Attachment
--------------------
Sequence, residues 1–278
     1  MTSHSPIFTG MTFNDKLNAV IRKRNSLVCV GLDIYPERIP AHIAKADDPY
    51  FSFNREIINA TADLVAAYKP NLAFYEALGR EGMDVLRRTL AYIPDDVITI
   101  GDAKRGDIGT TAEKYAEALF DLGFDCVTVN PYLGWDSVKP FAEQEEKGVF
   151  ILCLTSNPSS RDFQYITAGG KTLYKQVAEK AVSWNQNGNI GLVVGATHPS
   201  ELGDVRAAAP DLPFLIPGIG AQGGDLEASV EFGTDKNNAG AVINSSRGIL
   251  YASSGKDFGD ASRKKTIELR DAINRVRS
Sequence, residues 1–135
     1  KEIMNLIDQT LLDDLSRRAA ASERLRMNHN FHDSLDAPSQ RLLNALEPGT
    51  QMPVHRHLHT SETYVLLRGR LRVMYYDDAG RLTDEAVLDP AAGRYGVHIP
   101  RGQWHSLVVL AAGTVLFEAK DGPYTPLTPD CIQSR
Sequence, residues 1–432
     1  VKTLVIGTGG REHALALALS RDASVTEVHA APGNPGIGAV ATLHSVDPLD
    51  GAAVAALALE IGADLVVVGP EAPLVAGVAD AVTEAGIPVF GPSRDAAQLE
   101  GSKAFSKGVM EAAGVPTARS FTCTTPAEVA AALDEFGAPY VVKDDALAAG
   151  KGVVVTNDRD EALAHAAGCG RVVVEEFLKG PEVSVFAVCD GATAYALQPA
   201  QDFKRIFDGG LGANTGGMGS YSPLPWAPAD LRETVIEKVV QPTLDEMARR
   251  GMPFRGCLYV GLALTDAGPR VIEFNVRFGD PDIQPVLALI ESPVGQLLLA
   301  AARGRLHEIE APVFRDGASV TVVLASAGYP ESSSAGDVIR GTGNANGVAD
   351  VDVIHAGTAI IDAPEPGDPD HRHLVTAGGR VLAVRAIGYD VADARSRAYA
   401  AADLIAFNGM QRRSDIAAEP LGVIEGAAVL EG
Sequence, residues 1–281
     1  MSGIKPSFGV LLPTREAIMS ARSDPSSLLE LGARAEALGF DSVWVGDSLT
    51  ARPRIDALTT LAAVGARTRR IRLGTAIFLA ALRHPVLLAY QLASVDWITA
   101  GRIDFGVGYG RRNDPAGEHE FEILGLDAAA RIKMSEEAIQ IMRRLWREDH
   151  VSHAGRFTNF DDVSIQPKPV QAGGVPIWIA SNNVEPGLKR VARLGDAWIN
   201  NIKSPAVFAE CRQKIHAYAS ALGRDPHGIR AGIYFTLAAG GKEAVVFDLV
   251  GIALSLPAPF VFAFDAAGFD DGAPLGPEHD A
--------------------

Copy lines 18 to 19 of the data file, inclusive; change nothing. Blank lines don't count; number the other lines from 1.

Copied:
   251  GMPFRGCLYV GLALTDAGPR VIEFNVRFGD PDIQPVLALI ESPVGQLLLA
   301  AARGRLHEIE APVFRDGASV TVVLASAGYP ESSSAGDVIR GTGNANGVAD